As we exited the tiny museum, we met Rasa who had been working in the restaurant. She asked if we were passing through and we told her we had sailed in and were anchored by the jetty. She perked right up. “We saw the sailboat anchored there and wondered who it was. We're lucky if we see one yacht anchored here a year.” She then proceeded to offer us a ride back to the boat or at least as far as the abandoned telegraph station, the ruins of which still stand among the sand dunes. We gladly accepted her generous offer. We chatted as we drove and talked about heading to Twilight Cove, an anchorage we knew little about further up the coast. She stopped the car, turned around and headed back up the road to her home. Her partner, Paul, was a fisherman who had fished the Bight for the past 27 years. He could provide us some firsthand information about Twilight Cove. Talk about luck! Paul immediately produced a well-worn chart and his fishing notebook and proceeded to give us lots of information about Twilight Cove as well as other anchorages, depths, lats/longs, hazards. It was like manna from heaven.
After many thanks, we headed back down the road with Rasa to the Telegraph Station where we thanked her again and headed off onto the sandy path. It seems in the 1890s, a rabbit plague passed through the area and ate much of the dune vegetation, causing large sand dunes to encroach upon the township. The original town was abandoned, and a new townsite established about 5km (3 miles) to the east and higher up on the escarpment. The crumbled remains of a telegraph station, a few leaning telegraph poles and one old foundation is all that's left.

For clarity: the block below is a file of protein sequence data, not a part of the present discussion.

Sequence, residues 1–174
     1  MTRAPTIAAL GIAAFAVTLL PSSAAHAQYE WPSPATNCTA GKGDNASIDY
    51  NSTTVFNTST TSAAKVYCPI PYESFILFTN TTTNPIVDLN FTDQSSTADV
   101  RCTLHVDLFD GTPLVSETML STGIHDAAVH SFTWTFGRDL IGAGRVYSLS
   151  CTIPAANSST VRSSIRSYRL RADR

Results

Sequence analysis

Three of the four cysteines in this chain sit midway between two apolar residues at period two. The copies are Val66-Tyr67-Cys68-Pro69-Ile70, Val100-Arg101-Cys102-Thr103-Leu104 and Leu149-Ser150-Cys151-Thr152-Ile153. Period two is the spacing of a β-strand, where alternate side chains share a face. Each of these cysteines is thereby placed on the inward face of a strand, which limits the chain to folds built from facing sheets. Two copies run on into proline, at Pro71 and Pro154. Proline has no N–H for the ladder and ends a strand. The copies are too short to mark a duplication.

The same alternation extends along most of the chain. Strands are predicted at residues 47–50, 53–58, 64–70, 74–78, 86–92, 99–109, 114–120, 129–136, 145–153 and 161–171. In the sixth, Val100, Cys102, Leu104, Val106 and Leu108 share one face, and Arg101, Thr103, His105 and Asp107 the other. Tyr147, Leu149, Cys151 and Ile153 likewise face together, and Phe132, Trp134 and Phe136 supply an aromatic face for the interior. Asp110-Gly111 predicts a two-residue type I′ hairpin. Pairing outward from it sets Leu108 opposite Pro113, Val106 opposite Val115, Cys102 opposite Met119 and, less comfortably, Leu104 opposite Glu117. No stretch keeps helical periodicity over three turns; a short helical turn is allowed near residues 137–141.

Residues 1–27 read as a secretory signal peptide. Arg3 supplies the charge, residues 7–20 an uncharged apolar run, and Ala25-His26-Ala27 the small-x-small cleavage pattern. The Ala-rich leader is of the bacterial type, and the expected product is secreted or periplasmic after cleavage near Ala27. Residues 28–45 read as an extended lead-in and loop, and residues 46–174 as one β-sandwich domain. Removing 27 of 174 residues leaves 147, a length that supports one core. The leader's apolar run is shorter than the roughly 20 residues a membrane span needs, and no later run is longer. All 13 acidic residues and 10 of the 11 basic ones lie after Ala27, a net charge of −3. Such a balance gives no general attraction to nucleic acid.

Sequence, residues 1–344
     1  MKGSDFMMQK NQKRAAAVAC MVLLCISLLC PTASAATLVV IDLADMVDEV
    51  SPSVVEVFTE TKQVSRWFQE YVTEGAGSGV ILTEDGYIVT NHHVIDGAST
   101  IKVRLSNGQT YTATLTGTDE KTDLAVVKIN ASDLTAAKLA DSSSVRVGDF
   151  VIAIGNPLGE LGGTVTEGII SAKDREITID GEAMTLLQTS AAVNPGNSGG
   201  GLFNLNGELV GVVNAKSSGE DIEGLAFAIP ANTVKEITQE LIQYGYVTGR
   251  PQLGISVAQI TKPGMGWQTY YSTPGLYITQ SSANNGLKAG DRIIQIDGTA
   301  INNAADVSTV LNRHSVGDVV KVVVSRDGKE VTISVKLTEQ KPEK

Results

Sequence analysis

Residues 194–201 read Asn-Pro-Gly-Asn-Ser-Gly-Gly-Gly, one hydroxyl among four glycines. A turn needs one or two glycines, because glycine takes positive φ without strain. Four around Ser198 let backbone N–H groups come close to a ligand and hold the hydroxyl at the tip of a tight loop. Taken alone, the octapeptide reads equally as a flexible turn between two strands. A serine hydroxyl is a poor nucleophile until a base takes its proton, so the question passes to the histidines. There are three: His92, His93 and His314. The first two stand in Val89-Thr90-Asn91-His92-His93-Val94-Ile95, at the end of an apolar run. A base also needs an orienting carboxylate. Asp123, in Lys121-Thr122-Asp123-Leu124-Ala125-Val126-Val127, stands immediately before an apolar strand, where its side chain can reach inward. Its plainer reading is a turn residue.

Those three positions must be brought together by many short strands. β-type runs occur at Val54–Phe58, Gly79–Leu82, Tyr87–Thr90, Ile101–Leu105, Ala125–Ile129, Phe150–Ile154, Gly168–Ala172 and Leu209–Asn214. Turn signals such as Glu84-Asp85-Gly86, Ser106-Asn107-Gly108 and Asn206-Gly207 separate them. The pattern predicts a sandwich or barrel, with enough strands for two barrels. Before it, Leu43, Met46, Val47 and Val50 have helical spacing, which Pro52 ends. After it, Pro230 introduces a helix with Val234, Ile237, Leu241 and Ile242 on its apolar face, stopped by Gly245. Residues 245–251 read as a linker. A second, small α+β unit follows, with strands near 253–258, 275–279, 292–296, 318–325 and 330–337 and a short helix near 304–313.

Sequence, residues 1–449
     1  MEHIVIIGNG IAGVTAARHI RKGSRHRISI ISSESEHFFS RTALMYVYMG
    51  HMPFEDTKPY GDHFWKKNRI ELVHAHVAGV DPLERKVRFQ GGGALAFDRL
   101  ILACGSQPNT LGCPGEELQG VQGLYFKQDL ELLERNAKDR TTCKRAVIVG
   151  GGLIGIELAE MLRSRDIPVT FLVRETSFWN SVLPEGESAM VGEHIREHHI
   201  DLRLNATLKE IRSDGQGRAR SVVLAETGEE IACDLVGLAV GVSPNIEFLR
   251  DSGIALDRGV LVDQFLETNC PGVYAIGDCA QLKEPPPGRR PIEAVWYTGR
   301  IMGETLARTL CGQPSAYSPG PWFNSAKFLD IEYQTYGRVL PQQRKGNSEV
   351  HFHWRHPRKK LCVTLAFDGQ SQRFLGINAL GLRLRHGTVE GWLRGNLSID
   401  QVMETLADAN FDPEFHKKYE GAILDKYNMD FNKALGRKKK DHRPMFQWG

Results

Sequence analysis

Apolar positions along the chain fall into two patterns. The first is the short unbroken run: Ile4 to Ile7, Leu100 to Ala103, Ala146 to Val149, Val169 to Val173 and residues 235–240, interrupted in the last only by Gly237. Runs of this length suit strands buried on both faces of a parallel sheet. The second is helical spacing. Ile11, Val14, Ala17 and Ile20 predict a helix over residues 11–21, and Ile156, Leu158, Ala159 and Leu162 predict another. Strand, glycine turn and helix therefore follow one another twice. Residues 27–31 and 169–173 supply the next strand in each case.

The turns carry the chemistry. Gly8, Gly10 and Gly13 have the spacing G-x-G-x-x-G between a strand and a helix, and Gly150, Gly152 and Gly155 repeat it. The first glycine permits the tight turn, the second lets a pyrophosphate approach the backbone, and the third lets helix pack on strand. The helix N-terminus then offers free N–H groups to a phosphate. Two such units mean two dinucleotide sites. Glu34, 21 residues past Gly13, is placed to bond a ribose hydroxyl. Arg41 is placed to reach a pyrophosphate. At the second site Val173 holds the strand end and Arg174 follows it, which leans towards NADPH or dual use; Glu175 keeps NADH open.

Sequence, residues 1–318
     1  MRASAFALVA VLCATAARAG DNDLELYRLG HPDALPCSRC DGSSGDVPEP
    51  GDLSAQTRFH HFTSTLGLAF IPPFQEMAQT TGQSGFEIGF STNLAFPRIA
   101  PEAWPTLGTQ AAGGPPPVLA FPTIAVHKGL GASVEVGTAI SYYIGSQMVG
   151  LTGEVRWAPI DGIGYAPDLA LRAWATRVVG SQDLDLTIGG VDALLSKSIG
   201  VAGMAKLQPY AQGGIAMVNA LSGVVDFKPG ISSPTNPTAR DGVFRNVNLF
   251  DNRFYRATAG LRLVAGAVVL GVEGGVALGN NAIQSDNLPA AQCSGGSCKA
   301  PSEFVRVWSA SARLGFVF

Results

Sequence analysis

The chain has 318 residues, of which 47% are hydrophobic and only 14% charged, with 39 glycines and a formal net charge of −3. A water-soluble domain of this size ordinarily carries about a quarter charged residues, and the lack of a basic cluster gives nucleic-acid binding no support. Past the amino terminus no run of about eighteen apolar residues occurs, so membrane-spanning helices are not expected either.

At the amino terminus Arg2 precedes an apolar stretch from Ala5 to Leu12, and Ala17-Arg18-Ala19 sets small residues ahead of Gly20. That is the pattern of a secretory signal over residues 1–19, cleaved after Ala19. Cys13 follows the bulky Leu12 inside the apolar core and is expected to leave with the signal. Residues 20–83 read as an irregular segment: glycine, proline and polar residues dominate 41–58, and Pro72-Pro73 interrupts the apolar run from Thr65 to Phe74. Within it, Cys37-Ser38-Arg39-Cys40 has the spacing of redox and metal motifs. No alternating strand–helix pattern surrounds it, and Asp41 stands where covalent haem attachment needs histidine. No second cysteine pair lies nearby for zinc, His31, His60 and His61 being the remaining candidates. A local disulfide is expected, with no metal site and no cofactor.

As we looked at the huge sand dunes drifted around us, their tops blowing off in the ceaseless wind, we could understand how after so many years, they could not reclaim the town.
All the while we made our way down the trail, we always had Cups' mast in view. Though we wandered off the path occasionally, we headed for the mast and finally joined the sandy beach road which led to the jetty.
Trudging our way back to the dinghy along the wrack line, David spotted a very unique purple sea urchin shell. They're so delicate and fragile and yet it made its way across the bar and up to the beach unscathed … definitely a keeper and a wonderful souvenir of our visit to Eucla.
The surf was up a bit and we were soaked through and through by the time we launched the dinghy and muddled through the rollers. We were tired, wet and exhilarated when we arrived at Cups. A fine day on the Nullarbor Plain.